What Happens If You Can’t Pay Your Rent?
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What Happens If You Can't Pay Your Rent?

When you’re living paycheque to paycheque, even the littlest disruption in your budget can quickly become a big problem. One consequence you may fear more than others is not being able to pay your rent on time.

The consequences of missing a rent cheque can range for ‘easily fixable’ to ‘eviction notice-worthy’. It’s important you know what happens when you can’t pay your rent, so you can take preventative measures.

What happens if you can’t pay your rent?

You could face late fees or eviction. Before you panic, be aware of your rights.

The Residential Tenancies Act (RTA) is the law in Ontario that governs landlord and tenant relationships. It takes precedence over the lease you signed and protects you from any unreasonable or unfair terms.

What can your landlord do?

In a sense, it’s easier to point out what your landlord cannot do:

  • They may not enter your rental unit and evict you.
  • They may not demand that you move out by a specific time and date.
  • They may not change the locks on your doors.

What your landlord can do is initiate a legal process that may eventually have you evicted by a Court Enforcement Officer (Sheriff).

What is the legal process for eviction?

You will receive a Notice of Termination for Non-Payment of Rent. On that form, in a box titled “Termination Date” you will see a date.

What are your rights?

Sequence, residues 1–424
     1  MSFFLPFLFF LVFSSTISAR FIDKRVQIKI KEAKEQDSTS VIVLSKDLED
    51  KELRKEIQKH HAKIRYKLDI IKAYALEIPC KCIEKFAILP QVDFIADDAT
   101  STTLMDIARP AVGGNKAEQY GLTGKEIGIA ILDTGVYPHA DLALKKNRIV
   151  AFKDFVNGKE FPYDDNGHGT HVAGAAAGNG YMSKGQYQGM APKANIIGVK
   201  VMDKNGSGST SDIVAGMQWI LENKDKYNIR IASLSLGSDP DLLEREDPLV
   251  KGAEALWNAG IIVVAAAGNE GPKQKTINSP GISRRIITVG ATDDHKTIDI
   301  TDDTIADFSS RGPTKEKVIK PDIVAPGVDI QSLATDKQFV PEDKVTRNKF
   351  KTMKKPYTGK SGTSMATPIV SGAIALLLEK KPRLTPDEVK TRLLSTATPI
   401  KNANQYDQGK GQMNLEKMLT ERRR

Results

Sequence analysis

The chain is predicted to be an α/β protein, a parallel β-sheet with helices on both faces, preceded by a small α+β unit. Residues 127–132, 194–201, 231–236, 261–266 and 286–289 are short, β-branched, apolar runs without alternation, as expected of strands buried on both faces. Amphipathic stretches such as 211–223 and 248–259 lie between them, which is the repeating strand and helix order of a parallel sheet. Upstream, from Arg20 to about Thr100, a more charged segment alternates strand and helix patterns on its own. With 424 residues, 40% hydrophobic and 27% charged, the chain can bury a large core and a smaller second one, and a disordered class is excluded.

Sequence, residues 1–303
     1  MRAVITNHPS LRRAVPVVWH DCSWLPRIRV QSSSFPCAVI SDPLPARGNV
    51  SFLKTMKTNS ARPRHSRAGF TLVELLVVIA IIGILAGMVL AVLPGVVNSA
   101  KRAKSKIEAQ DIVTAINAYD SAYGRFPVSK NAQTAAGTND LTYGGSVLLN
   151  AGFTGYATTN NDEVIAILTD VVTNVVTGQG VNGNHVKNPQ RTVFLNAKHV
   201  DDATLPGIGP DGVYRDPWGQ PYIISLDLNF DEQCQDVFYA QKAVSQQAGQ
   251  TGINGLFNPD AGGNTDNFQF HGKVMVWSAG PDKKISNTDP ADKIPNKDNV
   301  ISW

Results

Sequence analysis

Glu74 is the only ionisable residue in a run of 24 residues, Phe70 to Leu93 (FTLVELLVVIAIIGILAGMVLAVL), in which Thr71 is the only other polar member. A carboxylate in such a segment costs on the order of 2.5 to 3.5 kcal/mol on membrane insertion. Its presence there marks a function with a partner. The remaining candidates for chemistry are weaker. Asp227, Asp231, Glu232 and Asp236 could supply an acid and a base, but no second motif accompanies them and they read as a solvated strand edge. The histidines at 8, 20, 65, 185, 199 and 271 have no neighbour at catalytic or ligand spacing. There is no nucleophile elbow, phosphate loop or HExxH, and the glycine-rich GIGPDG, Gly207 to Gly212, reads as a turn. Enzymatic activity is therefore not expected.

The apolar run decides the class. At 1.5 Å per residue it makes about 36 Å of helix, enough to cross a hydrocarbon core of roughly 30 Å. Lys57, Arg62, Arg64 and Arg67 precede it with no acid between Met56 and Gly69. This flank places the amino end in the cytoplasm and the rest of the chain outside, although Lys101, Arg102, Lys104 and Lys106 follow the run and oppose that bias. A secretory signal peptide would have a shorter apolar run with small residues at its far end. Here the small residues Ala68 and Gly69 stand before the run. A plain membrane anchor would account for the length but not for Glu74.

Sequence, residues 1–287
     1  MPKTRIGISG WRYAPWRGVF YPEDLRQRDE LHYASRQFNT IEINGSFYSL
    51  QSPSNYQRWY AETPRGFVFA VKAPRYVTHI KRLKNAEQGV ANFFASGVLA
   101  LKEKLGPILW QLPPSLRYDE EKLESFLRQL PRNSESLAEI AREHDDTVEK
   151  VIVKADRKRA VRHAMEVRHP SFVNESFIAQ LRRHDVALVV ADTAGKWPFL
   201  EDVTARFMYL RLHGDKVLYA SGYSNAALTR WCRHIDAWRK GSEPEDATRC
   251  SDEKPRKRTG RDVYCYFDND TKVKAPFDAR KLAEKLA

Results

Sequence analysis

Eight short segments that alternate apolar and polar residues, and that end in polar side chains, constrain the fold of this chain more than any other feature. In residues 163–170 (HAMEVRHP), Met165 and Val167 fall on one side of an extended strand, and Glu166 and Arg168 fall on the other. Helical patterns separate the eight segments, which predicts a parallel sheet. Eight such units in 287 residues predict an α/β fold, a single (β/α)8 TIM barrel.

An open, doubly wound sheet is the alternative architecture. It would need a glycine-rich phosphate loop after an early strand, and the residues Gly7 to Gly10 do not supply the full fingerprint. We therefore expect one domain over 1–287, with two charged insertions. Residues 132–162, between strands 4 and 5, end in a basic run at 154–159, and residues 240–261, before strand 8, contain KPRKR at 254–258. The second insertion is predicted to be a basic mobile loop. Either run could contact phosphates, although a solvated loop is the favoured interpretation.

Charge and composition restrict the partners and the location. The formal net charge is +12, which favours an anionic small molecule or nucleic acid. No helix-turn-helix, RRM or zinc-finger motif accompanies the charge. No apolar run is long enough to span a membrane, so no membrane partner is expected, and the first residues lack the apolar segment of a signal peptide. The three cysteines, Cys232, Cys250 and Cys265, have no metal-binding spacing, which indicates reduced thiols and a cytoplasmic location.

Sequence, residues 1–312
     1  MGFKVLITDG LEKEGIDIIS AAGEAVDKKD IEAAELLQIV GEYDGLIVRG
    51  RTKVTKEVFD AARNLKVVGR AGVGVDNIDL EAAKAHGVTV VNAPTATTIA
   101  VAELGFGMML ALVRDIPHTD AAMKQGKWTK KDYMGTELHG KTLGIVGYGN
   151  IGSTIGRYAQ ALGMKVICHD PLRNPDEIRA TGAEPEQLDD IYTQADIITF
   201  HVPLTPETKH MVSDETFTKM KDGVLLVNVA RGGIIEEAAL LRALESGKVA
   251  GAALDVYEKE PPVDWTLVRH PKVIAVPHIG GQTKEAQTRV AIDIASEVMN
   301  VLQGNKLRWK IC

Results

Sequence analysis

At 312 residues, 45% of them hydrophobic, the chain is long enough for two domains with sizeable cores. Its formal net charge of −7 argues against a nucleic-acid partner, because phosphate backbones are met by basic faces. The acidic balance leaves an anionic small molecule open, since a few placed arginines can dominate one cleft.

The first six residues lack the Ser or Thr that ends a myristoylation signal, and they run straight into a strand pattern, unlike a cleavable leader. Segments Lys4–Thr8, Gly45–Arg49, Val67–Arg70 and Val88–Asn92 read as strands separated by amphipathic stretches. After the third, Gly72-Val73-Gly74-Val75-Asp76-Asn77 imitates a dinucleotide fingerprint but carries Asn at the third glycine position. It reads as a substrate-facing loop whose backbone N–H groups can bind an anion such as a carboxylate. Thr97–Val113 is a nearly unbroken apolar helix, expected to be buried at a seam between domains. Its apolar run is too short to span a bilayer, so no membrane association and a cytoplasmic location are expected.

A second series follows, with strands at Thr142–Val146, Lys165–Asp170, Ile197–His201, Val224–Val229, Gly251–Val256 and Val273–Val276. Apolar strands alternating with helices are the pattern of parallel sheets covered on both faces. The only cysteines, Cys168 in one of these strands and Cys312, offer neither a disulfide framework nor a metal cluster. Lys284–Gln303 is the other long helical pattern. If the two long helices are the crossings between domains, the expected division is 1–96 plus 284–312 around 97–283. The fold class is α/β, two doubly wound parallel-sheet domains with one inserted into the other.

The date in the box indicates the amount of time you have to pay your rent arrears. If you cannot manage this, don’t move out. You have the right to request your landlord to file for a hearing with the Landlord and Tenant Board.

You will be held responsible for the application fee plus your past due rent to have the hearing dismissed. If you are unable to come up with the money, the adjudicator will attempt to work out a payment plan. If you don’t pay, you’ll have about 10 – 14 days before the Sheriff shows up to evict you.

How can you make it right?

The law provides many opportunities for you to get caught up with your rent arrears. To avoid the legal process, try the alternatives:

  • Contact your landlord directly and attempt to work out a payment plan.
  • Seek out opportunities to reduce your other expenses, generate additional income or secure a short-term loan.

We understand that life happens, and you may experience months where the “ends” don’t quite meet. Contact us today – we have solutions!

Please note that this article is meant to advise and the information is accurate the to best of our knowledge.

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